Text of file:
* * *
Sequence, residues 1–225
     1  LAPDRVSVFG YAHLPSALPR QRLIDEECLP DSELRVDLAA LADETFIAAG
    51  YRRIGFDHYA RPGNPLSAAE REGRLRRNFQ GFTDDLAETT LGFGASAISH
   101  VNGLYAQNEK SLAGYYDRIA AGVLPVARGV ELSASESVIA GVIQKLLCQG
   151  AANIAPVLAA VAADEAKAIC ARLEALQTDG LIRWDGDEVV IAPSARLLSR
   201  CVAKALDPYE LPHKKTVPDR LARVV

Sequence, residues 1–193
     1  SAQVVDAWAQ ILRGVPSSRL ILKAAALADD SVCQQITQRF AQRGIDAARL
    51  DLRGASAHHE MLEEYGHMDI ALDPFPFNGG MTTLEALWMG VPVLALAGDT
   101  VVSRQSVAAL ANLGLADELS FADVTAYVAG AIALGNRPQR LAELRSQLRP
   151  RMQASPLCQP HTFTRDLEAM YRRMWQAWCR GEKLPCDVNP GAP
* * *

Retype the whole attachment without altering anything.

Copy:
Sequence, residues 1–225
     1  LAPDRVSVFG YAHLPSALPR QRLIDEECLP DSELRVDLAA LADETFIAAG
    51  YRRIGFDHYA RPGNPLSAAE REGRLRRNFQ GFTDDLAETT LGFGASAISH
   101  VNGLYAQNEK SLAGYYDRIA AGVLPVARGV ELSASESVIA GVIQKLLCQG
   151  AANIAPVLAA VAADEAKAIC ARLEALQTDG LIRWDGDEVV IAPSARLLSR
   201  CVAKALDPYE LPHKKTVPDR LARVV

Sequence, residues 1–193
     1  SAQVVDAWAQ ILRGVPSSRL ILKAAALADD SVCQQITQRF AQRGIDAARL
    51  DLRGASAHHE MLEEYGHMDI ALDPFPFNGG MTTLEALWMG VPVLALAGDT
   101  VVSRQSVAAL ANLGLADELS FADVTAYVAG AIALGNRPQR LAELRSQLRP
   151  RMQASPLCQP HTFTRDLEAM YRRMWQAWCR GEKLPCDVNP GAP